A few weeks ago, the British Medical Journal carried two educational articles about management of gender dysphoria in the non-specialist setting (one written by a gender dysphoria specialist with input from patients, and one a collection of advice from transgender people). Transgender people can have some significant problems with healthcare both for their gender dysphoria care and for their general care, so, although this only affects a small minority of the population, this is an issue it’s important for me as a GP to be aware of.
I have a separate site where I keep the notes I make on any medical articles or educational modules I read, in order to refer back to them later. This time, however, I thought I might post them here; after all, transgender health care is an important topic to many people here. Here are the points covered by the articles:
- When someone comes to you expressing problems with gender identity (‘you’, here, meaning GPs, not the general population), offer them referral to gender identity services ASAP. Waiting lists are horrendous, so, if a patient does want to explore the possibility of transitioning, the sooner they get on the waiting list to do so the better. As a GP, I’m very schooled in the approach of “let’s wait a bit and see how this goes with time”, and for a large proportion of the patients I see that is perfectly appropriate, but gender dysphoria is one of the situations where it isn’t. The gender identity services themselves will be the ones who can offer expert assessment and help patients reach an informed decision regarding transitioning. (As one of the patients in the second article pointed out, gender identity treatment has one of the highest satisfaction rates of any branch of medicine. Puts the desistance myth into perspective, doesn’t it?)
- Take the trouble to find out what name and pronouns your patient wants to use, and use them. That, frankly, is just basic courtesy. However, be aware that, for safety reasons, a patient may need letters to be addressed to their old name for the time being (if they’re living with family members who are against the transition and unsupportive or even threatening over it). Use their new name and pronouns when discussing them with other healthcare personnel; it’s a way of respecting their gender even when they’re not there.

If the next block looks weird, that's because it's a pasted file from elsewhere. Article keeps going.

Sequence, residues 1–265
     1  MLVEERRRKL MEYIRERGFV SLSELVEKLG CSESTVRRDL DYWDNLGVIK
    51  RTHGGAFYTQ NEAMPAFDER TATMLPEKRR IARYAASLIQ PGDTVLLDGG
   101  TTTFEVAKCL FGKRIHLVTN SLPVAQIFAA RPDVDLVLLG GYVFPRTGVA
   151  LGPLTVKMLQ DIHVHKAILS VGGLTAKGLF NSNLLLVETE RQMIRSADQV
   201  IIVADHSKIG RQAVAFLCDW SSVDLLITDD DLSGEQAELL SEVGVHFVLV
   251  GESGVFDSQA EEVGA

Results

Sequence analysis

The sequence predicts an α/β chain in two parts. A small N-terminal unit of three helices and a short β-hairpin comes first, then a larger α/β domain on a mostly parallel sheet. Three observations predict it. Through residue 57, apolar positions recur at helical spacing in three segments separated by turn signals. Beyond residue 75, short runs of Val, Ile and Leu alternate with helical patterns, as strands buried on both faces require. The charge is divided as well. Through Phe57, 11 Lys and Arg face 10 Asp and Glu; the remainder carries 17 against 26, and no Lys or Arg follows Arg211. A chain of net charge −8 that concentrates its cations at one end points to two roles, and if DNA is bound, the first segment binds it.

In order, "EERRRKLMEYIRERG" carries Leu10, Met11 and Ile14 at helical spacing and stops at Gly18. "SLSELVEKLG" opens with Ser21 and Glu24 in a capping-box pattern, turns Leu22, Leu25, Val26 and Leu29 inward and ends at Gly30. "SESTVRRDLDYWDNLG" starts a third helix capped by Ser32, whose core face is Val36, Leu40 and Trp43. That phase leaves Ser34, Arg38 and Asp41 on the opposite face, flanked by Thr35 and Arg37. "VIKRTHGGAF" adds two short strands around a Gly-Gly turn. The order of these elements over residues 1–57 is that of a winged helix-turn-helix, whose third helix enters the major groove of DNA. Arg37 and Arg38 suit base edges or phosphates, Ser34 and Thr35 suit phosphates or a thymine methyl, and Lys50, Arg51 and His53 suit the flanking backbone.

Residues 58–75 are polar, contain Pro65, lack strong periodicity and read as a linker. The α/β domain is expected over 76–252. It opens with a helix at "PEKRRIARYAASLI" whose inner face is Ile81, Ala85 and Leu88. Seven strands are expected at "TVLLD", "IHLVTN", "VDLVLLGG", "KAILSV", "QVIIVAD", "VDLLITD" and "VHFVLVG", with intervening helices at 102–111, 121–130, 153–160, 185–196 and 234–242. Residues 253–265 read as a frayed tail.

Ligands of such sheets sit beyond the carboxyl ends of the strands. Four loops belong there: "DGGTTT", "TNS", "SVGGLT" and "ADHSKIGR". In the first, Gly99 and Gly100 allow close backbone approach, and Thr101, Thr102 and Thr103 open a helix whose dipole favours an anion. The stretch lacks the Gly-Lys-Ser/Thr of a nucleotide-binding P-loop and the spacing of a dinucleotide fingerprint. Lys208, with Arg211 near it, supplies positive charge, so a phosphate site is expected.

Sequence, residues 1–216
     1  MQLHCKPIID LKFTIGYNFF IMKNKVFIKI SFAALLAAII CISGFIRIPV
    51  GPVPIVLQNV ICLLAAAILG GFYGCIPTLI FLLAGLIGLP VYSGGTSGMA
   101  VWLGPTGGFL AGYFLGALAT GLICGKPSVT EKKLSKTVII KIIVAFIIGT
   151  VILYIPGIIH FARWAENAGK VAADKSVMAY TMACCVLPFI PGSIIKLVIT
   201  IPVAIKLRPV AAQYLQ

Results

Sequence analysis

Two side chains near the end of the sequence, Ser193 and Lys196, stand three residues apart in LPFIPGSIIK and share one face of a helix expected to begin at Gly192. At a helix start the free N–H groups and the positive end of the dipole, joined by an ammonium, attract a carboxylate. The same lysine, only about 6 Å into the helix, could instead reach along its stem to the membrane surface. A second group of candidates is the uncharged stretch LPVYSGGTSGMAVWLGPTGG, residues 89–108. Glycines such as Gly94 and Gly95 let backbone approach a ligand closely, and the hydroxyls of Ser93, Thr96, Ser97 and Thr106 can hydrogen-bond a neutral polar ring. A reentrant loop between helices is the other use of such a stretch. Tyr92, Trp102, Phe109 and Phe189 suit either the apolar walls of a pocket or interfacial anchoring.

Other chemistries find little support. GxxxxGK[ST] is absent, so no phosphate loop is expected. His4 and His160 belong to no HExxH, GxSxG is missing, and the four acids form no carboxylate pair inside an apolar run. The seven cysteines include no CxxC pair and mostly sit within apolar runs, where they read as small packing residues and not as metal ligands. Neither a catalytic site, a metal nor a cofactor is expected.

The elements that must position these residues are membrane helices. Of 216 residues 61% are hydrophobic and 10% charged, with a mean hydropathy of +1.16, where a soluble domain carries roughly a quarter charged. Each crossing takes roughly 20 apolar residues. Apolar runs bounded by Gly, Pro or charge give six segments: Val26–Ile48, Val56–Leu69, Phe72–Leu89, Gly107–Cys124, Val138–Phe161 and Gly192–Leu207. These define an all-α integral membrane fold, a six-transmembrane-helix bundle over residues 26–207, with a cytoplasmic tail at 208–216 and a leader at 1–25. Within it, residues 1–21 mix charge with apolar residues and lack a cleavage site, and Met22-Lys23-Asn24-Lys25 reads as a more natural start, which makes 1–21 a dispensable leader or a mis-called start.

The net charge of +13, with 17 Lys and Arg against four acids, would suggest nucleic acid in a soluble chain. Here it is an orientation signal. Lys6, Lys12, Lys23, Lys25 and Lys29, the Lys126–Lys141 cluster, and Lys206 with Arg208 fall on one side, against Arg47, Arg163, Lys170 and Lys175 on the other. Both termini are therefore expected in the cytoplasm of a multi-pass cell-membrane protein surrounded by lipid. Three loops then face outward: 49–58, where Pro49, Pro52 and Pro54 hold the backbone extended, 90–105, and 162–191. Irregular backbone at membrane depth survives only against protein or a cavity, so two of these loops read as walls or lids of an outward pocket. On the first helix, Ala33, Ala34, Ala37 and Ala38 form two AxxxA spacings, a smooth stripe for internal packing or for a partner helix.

- Transgender people who haven’t yet accessed proper treatment may be self-medicating with hormones purchased online. Ask about this and advise that it does carry risks and that ideally it should be stopped until the person is seen by the gender identity clinic. Of course, given the waiting lists, there’s a gulf here between ‘ideally’ and ‘bearably’. If a person can’t face stopping medication for the time it’ll take to get seen, advise them to let us know of side effects and to let healthcare practitioners they see know about the medication.*
- Suggest informal on-line support groups while a patient is waiting to be seen. Tranzwiki.net was the example given.
- Some surgical treatment can take place locally, such as hysterectomy/oophorectomy; however, do bear in mind that a person who has become visibly male may feel very awkward about attending a gynaecological clinic. One possibility suggested was that a patient in this situation could get a woman to accompany him to the clinic, if possible, so that he wouldn’t stand out as a solitary male in a sea of female patients.
- Screening can raise unexpected problems. For one thing, gender-based automated systems in the NHS are not set up to deal with patients who’ve changed gender, and so they may not be called automatically for screening they should actually have (aortic aneurysm screening for MTF, cervical screening for FTM who still have a cervix in situ). Remember that the form that goes with the sample will need to clarify what’s going on so that the lab doesn’t simply assume that the cervical smear sample labelled as coming from Mr Fred Jones, M, to be a mistake. For another thing, the screening tools for things like risk of cardiovascular events or fractures include gender as one of the factors used to calculate risk, and the data on transgender people in this context simply doesn’t exist. It’s necessary to do some common-sense estimating and explain the uncertainties to the person in question.
- On the topic of screening, the article also stated that AMAB women do not need routine mammography as, in the absence of progesterone, their risk of breast cancer is too low for it to be needed.
- Conversely, an AFAB male who still has breasts should be advised to have mammography if in that age group, but may find it distressing to discuss the matter. The article ‘I am your transgender patient’ suggested that talking about ‘chest’ rather than ‘breasts’ might be easier for some men in this situation.
- There isn’t any single rule or guideline for how transgender people feel about their gender, their identity, or their gender-specific body parts. They might be very distressed by some, quite comfortable with others. It’ll vary from person to person. This is one of the (many) situations in medical practice where you have to be sensitive to the person’s cues and willing to find out their wishes and to follow their lead.
*This, of course, raises the question of whether GPs in that situation should prescribe hormones themselves rather than leave the patient with the risks of buying hormones on-line. This wasn’t covered by the article. WPATH guidelines do touch on the possibility of ‘bridging’ prescriptions, but it’s a complicated issue that carries the risk of major medicolegal problems for the GP if they prescribe outside their area of expertise, and there are very good reasons why GPs would typically be unwilling to do this. This is beyond the scope of this particular article, which is why I haven’t gone into it further here.